2.2. How well does it reflect?

Having understood the all-angle reflection for k lying in the xz plane, our next immediate task is to know how high the reflection is. Using a full-wave analytical technique [12], we examine how the reflectance of such a metamaterial substrate is compared to that of a plain metal for TM light. In this paper we concentrate primarily on the CO2 laser wavelength, i.e. 10.6 µm. This wavelength is important especially due to the fact that high-power CO2 laser beams can be used for material processing and various medical surgeries. For the wires we consider the use of silver with ε=-2951+1654i [13], imbedded in a host dielectric with a refractive index of 2.5 corresponding to ε=6.25. Several transparent materials at this wavelength have their indices around this value, such as zinc selenide (ZnSe) and arsenic selenide (As2Se3). We consider a metamaterial in which silver wires take up a volumetric fraction of 20%.

By Eq. (1), the metamaterial under consideration can be effectively treated as a homogeneous medium with εt=9.3876+0.0071i and εz=-585.2+330.8i, i.e. an indefinite medium. Using this approximation, the reflectance by the metamaterial-air interface as a function of incidence angle is derived in Fig. 2(a). The wavevector of the incoming plane wave is in the xz plane. The same reflectance curve is derived for a plain silver substrate. Both reflectance curves are characterized by a principal angle-of-incidence [12], where the reflectance is at minimum. By comparison, it is noticed that the reflectance of the indefinite medium is lower than that of the plain metal for most incidence angles. However, as clearly shown by the zoom-in plot in Fig. 2(b), at large incidence angles (greater than 88.6 degree) the metamaterial reflects better. In a large-core hollow waveguide, modes in the lowest orders indeed correspond to near-90 degree incidence angles, as will be confirmed in the next section. Therefore, a metal-wire medium can be potentially used for making a less lossy hollow waveguide as compared to using plain metal.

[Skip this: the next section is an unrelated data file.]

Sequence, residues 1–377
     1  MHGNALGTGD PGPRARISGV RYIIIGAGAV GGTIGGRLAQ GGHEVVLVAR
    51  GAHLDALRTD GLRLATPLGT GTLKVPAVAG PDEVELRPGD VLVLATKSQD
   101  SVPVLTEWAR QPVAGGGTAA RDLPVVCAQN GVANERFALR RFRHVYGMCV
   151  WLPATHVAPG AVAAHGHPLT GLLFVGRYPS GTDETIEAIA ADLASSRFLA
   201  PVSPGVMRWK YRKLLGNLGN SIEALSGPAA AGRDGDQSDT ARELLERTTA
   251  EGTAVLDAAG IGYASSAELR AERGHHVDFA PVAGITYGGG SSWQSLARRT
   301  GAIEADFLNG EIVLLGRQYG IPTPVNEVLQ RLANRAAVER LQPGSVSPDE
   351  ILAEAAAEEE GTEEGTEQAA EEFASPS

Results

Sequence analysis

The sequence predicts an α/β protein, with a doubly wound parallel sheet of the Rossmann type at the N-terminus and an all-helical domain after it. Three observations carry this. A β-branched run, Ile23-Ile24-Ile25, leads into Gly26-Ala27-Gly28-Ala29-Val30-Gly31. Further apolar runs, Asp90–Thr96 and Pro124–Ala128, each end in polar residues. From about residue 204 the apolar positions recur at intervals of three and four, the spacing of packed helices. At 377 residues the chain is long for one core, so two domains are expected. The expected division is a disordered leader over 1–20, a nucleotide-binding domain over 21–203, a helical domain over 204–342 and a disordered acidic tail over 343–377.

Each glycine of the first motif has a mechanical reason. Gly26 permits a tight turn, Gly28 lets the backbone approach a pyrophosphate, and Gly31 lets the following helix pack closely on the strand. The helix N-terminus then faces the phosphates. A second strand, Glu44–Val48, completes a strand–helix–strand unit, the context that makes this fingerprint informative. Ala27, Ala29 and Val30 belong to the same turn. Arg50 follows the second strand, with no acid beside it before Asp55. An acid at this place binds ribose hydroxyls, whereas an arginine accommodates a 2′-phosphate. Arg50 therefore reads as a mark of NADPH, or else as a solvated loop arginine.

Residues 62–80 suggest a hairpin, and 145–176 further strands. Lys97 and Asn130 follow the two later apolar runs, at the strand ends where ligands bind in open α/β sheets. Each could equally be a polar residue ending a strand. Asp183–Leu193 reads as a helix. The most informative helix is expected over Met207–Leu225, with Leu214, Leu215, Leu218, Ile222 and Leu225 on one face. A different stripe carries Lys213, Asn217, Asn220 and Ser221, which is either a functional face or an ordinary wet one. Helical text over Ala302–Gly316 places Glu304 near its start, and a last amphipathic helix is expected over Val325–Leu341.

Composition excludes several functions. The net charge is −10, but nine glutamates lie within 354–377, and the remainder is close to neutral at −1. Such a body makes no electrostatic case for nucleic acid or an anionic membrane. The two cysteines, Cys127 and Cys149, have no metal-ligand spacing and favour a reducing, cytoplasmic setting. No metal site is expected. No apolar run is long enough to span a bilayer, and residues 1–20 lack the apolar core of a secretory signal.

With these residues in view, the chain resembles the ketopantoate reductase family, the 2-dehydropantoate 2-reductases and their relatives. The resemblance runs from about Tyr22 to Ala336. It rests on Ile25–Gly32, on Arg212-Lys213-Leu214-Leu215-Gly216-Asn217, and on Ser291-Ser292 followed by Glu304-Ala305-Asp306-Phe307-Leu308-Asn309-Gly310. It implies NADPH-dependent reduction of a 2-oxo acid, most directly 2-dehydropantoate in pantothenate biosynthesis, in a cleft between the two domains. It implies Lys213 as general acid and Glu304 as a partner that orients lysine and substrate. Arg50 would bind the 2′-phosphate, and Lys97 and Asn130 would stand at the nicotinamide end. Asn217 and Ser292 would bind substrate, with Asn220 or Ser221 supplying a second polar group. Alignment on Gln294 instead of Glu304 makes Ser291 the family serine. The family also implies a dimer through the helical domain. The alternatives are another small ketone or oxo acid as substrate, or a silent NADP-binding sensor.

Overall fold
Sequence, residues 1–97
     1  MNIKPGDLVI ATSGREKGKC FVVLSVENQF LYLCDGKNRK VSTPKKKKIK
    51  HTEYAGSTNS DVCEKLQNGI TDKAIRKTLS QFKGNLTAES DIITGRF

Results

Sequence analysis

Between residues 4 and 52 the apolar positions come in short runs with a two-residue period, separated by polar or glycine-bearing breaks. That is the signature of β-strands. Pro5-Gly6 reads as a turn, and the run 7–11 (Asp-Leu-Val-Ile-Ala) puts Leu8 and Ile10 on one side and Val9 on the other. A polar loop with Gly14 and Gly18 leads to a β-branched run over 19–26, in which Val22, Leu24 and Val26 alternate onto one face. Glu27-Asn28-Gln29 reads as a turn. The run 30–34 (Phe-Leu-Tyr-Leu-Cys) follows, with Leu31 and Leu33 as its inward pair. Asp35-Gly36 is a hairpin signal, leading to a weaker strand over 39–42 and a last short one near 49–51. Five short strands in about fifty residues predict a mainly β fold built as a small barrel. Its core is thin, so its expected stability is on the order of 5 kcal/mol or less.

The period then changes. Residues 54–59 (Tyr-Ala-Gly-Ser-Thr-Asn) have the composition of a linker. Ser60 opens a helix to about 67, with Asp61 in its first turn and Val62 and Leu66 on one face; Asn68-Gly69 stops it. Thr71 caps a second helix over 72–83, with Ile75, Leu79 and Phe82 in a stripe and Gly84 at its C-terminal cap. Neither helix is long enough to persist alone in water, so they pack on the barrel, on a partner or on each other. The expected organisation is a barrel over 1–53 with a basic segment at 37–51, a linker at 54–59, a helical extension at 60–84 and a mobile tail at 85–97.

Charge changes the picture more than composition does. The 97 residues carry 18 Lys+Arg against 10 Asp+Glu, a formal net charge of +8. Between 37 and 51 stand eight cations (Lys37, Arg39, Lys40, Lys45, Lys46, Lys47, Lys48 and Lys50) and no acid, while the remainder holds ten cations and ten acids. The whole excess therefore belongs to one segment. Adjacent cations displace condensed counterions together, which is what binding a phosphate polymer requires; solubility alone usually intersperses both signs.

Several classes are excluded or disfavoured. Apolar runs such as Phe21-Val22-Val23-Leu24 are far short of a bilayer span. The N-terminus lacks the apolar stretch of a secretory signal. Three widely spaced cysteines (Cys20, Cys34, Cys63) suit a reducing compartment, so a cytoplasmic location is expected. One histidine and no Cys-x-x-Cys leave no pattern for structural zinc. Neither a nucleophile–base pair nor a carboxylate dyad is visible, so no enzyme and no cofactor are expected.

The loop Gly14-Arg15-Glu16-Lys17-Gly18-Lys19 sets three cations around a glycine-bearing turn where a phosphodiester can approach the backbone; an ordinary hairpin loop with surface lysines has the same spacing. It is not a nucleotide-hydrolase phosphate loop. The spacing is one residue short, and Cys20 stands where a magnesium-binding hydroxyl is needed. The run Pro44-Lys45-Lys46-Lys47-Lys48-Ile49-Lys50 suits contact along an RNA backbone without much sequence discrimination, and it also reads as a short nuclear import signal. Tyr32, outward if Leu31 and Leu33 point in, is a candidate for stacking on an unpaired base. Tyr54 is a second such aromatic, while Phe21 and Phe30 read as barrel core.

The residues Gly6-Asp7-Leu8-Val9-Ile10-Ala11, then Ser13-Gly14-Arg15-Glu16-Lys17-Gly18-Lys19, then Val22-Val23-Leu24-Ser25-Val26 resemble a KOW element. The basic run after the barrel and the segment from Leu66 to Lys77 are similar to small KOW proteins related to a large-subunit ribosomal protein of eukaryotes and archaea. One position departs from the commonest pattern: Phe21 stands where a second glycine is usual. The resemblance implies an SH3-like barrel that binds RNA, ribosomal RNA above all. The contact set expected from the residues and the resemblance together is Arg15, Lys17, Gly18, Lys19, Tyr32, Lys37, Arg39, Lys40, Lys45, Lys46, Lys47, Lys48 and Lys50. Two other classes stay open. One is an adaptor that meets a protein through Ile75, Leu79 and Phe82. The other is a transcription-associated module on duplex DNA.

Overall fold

However, the metal-wire medium has difficulty in confining TE light, since the metamaterial appears to TE light as if it is a normal dielectric. To remedy the problem, we further add a metal substrate beneath the metamaterial. In Fig. 3, we show the reflectance from such a hybrid substrate. The metamaterial layer is the same as that we considered in Fig. 2 and has a thickness of 2µm. The reflectance spectrum is compared to that from a plain silver substrate, also shown in Fig. 3. It is observed that by adding a layer of metamaterial the reflectance decreases only very slightly, with reflectance still higher than 99.89% when incidence angle is larger than 87°. From Figs. 2 and 3, one also sees that a plain silver surface reflects TE light much better than TM light, especially at large incidence angles.